After 4 years of watching Game of Thrones conquest the Emmys, 2017 offered other Television shows a chance to snatch an award. After all the nominations were revealed in July, it proved that despite a lack of Kahleesi and Jon Snow, this year was still going to be extremely tough to call.
The three big winners throughout the night; ‘The Handmaid’s Tale’, ‘Veep’ and ‘Big Little Lies’; went home estatic with their new trophies to add to the shelf. Taking best Drama Series; ‘The Handmaid’s Tale’ won against ‘House of Cards’ and ‘Stranger Things’, whilst Elizabeth Moss took ‘Lead Actress: Drama’. Ann Dowd won ‘Supporting Actress: Drama’; Alexis Bledel ‘Guest Actress: Drama’; Reed Morano ‘Directing for a Drama Series’; and Bruce Miller ‘Writing for a Drama Series’. The undefeated show also collected ‘Production design for a narrative contemporary or fantasy program (one hour or more)’, and ‘Cinematography for a single-camera series (one hour)’.
This was a triumphant night for ‘The Handmaid’s Tale’ cast and crew. Overall, I would agree with nearly all winners throughout the night; while apart of me still hoped that Reece Witherspoon would beat rival co-star Nicole Kidman for ‘Leading Actress: Limited series/TV Movie’. Despite this, the emmy’s showcased the beauty that 2017 television had to offer.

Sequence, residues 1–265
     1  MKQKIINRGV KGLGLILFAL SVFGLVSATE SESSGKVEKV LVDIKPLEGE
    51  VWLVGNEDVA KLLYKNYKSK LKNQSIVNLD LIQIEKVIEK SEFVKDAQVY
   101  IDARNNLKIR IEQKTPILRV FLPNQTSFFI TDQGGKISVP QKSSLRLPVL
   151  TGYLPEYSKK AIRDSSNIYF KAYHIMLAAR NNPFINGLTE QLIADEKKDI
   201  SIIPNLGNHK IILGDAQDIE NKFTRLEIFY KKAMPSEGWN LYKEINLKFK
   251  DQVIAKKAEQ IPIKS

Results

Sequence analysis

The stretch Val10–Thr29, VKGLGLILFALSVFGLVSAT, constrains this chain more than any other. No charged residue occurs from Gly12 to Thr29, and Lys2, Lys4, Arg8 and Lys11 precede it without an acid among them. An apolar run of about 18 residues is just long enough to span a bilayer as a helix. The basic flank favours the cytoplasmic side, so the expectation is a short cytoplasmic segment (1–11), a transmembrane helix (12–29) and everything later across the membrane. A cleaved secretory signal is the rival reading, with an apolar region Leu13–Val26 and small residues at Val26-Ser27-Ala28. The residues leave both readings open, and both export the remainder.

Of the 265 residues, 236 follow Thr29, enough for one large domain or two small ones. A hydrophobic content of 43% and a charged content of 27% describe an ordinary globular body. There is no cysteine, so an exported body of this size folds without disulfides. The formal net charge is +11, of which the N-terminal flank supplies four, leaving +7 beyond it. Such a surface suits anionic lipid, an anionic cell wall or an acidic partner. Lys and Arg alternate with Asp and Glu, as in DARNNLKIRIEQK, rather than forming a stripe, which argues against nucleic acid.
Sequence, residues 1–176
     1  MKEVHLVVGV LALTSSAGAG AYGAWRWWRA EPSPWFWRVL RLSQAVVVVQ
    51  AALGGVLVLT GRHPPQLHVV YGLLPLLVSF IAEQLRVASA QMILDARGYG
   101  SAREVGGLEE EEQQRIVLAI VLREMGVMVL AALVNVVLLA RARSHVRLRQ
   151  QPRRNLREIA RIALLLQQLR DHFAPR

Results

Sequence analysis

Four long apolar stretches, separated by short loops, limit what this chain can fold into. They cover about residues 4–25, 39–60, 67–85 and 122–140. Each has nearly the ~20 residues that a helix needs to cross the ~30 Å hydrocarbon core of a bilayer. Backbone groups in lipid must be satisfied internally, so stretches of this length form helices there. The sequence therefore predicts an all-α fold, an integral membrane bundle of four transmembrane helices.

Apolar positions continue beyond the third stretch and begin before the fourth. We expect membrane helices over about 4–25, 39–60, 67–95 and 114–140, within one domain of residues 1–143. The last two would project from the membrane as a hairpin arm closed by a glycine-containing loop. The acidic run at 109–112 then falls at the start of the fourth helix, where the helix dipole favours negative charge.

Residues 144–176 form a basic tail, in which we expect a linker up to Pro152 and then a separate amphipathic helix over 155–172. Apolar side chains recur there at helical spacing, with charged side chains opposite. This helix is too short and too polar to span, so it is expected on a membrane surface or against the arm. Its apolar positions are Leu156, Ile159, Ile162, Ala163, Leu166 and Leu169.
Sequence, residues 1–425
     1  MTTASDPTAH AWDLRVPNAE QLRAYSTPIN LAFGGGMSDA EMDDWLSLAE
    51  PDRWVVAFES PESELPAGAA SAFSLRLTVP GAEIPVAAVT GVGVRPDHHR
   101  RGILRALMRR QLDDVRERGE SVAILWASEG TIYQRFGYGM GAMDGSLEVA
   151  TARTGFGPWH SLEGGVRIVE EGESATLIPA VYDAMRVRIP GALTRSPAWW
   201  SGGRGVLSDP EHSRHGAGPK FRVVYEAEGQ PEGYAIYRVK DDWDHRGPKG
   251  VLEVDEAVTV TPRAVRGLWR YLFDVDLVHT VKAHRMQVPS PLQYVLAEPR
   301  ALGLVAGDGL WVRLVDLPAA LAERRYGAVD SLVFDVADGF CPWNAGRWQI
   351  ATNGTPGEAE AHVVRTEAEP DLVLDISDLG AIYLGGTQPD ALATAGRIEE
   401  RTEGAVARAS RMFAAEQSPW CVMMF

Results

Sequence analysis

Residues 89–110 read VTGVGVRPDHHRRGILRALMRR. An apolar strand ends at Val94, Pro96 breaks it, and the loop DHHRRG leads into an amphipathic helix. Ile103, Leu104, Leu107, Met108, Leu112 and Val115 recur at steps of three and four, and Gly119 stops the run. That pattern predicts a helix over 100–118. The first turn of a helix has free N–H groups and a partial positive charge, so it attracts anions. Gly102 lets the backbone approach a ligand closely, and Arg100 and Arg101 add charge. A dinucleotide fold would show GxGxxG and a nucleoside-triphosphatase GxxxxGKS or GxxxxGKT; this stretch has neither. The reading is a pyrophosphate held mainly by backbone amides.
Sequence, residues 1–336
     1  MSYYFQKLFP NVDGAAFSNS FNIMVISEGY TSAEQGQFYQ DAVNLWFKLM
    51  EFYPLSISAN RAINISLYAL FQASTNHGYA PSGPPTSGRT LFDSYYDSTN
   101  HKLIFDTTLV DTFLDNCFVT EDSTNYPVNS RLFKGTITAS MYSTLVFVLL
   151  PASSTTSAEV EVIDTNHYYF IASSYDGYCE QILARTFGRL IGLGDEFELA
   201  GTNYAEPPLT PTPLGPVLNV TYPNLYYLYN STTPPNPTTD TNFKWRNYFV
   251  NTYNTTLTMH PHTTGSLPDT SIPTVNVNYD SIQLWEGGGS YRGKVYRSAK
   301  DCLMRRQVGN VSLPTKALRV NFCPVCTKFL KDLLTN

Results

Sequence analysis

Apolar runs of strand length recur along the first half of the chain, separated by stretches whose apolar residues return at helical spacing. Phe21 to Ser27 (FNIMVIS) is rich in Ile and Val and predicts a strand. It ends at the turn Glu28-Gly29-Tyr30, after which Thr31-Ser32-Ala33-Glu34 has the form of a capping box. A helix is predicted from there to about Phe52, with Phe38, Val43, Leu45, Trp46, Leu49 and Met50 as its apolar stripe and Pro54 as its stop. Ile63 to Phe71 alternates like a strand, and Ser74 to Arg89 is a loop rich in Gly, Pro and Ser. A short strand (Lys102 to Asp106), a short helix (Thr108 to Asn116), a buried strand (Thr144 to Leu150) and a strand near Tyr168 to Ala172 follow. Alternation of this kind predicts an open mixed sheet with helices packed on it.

The importance of the Emmy’s is underestimated. Behind all the glam that comes with hours of preparation and red carpet appearances, the amount of work that is poured into producing and airing this show is immense. But the celebration has to be exaggerated to match the impact that TV Shows have on our lives. The appeal that comes with watching Television is that it never fully comes to an end. We can sit through two hours of a film and feel content that it has finished, or that a sequel is being produced. But a television show can be aired in your own home; creating an immediate connection. Once an hour episode has ended, we are itching for the next instalment. Television relies on a strong narrative to ensure that it retains viewers; we often forget that each episode is treated as a short film. For example, the budget for Michael Crichton’s ‘Westworld’ per episode reached $10 million; a frankly sickening amount. The dedication and money poured into TV today mirrors the influence that companies such as HBO and Netflix are having on society. TV can now also be looked at as an escape; and soon will be in parallel competition with the film industry.
2017 has been showered with mesmerising television series all year. For once it can acceptable to turn down a night out with the excuse of watching TV instead. No matter what your preference is: cowboys; thrillers; society or fantasy; 2017 has it covered. Perhaps next year Game of Thrones will be more prepared, and ensure that their work can be recognised in 2018. But for now, all credit is due to the nominations and winners identified in The Emmys 2017.